Yes, it really does take a village when we’re going through big change. Having a support network is huge – those you know you can count on when you need them. I used to have quite a tribe – people we called chosen family, who were there through thick and thin. But when my life was coming apart over a decade ago, I lost a lot of my team. That old saying you can count your friends on one hand, I learned the hard way is true.
I never once didn’t appreciate them, their value was immeasurable. But life happens. Sir Husband and I don’t have a built-in family network either, relatives who are there for anything, anytime. We definitely feel the lack.
It takes a long time to build a support network with new people, years in fact. We have to find those we mesh with, which sometimes can be hard. But we’re happy to say we finally have a few great peeps who make up our circle of trust. Trouble is, they have sort-of been too busy to lend us their actual hands.
It’s been a rough couple of weeks. After we listed and sold our house in a day (and all the hoopla that entails,) the tidal waves kept coming without any relief. It’s been both good and bad – good that the to-do list is moving at rapid-fire pace. Bad that it’s exhausting and we simply can’t catch our breath.
It all culminated in a massive uproar with the buyer’s home inspector breaking our water main valve and then not confessing. Instead he made it look like it was already broken which it wasn’t. That isn’t even the half of it, he’s not particularly ethical. Add two aggressive agents going head-to-head, and you’ve got a recipe for a breakdown by one person in the group. Of course that would be me, because somebody has to give.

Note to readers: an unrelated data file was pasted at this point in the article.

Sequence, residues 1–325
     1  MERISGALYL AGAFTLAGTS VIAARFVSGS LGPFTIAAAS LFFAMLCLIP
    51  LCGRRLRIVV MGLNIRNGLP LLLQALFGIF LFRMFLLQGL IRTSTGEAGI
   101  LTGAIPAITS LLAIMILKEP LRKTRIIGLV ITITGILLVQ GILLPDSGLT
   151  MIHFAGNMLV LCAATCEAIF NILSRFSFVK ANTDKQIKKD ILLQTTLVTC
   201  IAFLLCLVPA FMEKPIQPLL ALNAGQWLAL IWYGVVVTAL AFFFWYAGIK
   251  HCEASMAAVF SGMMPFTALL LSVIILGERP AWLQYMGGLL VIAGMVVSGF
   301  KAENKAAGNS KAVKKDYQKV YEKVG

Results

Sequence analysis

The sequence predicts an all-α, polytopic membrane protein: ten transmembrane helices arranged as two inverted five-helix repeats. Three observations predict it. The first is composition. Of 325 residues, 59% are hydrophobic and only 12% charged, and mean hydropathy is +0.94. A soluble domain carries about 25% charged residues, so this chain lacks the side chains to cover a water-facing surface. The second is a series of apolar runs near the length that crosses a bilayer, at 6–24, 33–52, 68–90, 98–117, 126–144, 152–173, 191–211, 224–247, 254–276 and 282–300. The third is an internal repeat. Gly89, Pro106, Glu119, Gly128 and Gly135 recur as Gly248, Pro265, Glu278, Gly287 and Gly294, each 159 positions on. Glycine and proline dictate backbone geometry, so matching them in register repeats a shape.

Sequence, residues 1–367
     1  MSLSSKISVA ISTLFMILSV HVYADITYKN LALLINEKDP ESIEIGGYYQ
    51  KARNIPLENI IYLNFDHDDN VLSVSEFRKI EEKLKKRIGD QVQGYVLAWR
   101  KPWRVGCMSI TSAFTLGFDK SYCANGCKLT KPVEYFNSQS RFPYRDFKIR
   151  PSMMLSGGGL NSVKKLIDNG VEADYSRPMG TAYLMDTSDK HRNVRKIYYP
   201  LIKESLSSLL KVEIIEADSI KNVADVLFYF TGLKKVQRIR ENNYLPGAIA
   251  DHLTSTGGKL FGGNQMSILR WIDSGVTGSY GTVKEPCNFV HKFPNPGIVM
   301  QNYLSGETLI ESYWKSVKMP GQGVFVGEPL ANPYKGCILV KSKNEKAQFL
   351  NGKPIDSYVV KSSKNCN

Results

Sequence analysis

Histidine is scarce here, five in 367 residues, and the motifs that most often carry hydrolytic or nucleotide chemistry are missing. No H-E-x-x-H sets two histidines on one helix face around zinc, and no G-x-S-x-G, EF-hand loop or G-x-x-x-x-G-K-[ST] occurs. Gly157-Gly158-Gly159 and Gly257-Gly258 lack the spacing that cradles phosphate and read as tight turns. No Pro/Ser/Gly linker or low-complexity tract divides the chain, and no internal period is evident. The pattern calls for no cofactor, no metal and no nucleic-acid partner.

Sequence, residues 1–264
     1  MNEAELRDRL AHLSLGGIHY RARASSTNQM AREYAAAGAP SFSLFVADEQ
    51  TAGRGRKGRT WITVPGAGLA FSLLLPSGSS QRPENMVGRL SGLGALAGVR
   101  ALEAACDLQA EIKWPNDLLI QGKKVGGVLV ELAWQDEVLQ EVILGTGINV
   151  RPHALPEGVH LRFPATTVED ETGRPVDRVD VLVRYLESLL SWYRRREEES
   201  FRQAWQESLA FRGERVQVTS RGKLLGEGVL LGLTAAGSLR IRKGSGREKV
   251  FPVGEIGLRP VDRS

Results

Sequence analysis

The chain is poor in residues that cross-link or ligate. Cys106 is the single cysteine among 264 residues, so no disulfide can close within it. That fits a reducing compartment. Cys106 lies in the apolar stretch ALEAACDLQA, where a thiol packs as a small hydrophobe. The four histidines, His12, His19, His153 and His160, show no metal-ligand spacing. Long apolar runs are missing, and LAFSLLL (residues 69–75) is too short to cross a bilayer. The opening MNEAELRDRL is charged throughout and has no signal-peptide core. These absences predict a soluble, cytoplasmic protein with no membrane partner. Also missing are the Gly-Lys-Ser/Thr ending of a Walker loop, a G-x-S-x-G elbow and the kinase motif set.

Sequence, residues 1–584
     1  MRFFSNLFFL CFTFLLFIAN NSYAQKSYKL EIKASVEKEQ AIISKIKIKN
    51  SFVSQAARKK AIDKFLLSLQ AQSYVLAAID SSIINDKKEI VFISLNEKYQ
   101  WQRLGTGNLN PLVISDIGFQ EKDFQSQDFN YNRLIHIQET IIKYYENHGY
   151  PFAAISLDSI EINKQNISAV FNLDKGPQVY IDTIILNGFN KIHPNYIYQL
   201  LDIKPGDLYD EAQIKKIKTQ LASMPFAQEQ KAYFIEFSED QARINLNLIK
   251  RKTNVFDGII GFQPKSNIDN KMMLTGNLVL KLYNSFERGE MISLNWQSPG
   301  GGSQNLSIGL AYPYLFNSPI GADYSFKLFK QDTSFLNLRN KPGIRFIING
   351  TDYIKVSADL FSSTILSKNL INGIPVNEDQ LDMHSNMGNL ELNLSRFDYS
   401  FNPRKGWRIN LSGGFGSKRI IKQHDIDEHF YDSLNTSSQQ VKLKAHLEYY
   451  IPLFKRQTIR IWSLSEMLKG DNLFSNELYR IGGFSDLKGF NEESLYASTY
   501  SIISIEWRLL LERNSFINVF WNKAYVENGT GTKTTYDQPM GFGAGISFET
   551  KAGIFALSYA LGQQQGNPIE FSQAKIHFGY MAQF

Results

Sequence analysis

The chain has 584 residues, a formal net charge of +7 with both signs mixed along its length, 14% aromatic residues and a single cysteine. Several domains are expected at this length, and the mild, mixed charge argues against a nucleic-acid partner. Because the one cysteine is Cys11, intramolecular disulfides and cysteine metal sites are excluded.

Life is nothing but stories all strung together each day, but we need our simpatico villagers to help along the way. So as I was standing in my driveway watching the town’s water worker unearth a cracked valve with our outside water main, I didn’t know what to do. Sometimes we just need a hand to hold, or a face to express emotion, or a body to hug, shoulder to cry on – stress is easier when shared.
Since I wasn’t going to share more than good griefs with the town water guy, I needed somewhere to turn. So I called on the Extra-Celestials, those invisible souls with wings. They have the power to work miracles if we only ask, and even arrange earthly things from their more heavenly vantage point.
I’m a believer in ghosts and angels and beings of the like, spirit animals, fairies, nature and the elements all working with our souls. We’re told by wisdom gurus that Extra-Celestials are always there for us, hovering, helping, supporting, even fixing and healing. I think everybody has at least one time in their life when they couldn’t explain why something worked out or how something happened or noticed a miracle. Those are the Extra-Celestials lending their supportive hand.
So I asked. Begged in that moment for any help I could get.
“Well what do you know,” the town water guy said, “this isn’t at all that bad. This will be fixed in no time, and your water will even stay on.”
The village may be invisible, but thank goodness it’s always there.